The world changed when DeLay gained control of the House in 1994, and then again, in the same direction, when Bush won in 2000.
Since 1994 it hasn’t been reasonable to attempt dialogue with Republicans or to bargain with them. They want it all, they have no scruples, and they really want to destroy the Democratic Party entirely. Over the last few years they’ve also become a fanatical criminal group willing to jettison even their own conservative principles (fiscal conservativism, limited government, etc.) in the pursuit of success and power.
Meanwhile, the Democrats and most Democratic spokesmen are stuck in 1972, or 1980, or 1988 and spend their whole time making sure they don’t sound like McGovern or Carter or Mondale or Dukakis. Can’t be too liberal, can’t be dovish, can’t be too partisan, meet the other side half way, there are good points on both sides, etc., etc.
(The same is true of a lot of seemingly-reasonable conservative and moderate Republicans who grumble but don’t oppose Bush. They’re still fighting McGovern and Mondale, and that’s what they’re going to do for the rest of their lives no matter what the external reality is. They are Bush’s punks, whether they realize it or not.)
I remember the turning point during the Reagan administration, when people figured out that Reagan was for real and that the change was permanent. You could tell which way the wind was blowing from Meg Greenfield’s frequent pensive pieces at the Washington Post saying that ideology was out and that “thoughfulness” was in. What she meant was that resistance was out and that it was time to make concessions and cut deals.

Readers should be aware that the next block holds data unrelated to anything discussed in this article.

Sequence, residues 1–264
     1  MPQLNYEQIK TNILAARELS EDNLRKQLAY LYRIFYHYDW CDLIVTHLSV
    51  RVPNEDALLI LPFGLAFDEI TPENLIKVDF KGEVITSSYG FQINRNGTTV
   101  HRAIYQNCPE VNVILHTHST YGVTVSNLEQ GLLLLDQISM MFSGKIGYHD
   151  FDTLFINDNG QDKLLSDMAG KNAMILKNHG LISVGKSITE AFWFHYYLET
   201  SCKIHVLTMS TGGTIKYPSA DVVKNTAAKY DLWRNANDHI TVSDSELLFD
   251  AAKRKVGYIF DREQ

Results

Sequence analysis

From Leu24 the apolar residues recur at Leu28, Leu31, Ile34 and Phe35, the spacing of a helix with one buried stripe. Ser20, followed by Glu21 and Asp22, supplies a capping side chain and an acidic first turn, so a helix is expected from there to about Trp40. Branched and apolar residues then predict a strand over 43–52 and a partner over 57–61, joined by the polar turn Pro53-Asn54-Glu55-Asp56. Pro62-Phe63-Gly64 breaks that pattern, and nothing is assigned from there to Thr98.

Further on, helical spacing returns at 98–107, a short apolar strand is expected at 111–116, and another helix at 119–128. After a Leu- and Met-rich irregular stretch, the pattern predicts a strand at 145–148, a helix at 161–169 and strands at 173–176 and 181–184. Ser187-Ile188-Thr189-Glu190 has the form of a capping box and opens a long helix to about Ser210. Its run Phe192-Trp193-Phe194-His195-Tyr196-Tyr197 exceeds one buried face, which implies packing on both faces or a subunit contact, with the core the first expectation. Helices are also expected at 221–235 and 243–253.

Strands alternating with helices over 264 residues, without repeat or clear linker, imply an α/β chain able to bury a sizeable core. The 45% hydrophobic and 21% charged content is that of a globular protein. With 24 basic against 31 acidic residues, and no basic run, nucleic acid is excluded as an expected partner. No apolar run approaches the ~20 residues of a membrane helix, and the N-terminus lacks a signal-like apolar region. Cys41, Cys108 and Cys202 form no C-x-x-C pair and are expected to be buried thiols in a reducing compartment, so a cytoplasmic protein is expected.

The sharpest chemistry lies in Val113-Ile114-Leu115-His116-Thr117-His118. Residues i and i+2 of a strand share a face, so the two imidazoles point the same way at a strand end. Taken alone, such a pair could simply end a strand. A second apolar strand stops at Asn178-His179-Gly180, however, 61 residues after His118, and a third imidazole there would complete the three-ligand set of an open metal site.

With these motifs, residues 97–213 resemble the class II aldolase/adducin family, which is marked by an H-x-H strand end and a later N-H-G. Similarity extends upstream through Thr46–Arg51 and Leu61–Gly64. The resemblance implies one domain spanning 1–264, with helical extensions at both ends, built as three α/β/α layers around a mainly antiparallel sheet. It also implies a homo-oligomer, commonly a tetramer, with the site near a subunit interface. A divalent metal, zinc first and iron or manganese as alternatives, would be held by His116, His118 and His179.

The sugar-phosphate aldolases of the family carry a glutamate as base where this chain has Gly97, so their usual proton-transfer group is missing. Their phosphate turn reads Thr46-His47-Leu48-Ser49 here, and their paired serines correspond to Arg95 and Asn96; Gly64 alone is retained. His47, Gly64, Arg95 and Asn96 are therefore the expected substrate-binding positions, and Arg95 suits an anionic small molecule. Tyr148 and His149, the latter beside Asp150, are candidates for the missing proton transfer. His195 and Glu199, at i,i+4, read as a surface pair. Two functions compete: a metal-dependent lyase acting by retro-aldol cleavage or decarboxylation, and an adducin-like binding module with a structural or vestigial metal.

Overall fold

None of Greenfield’s pieces actually seemed very thoughful; there were no actual new ideas or signs of much thinking, just the proclamation of how things were going to be. Greenfield was not actually a major figure as a columnist; her significance was that she was a gatekeeperfor Post management. Her columns were marching orders directed at other columnists. (During that period I remember seeing strong critics of Reagan, such as Garry Wills or Nicholas von Hoffman — the ones who didn’t get the message — gradually disappearing from the editorial pages of my hometown paper.)
Kinsley, Kaus, and the whole TNR counterintuitive crew came into their own during that time, and they’re not going to be able to change. They have branded themselves, and they can’t change brands because if they do they’ll have nothing to sell. Kinsley can still write a good piece, but he can’t write a string of good pieces because to do so would destroy his marketing schtick.
I’ve said for a long time that we need new media. This is true for readers, for journalists of integrity, and for the country as a whole. Just during the last six months the Washington Post, the New York Times, and the LA Times (three of the most important content-providers) have all suffered scandal and/or downsizing, and they all have to be experiencing crises of morale. The present media, and most of the people who work for them, are not going to be able to change.
All we need is a few hundred million dollars.
(Posted as a comment on Brad DeLong, November 28, 2005, “Kinsley vs. Kinsley, Round II”).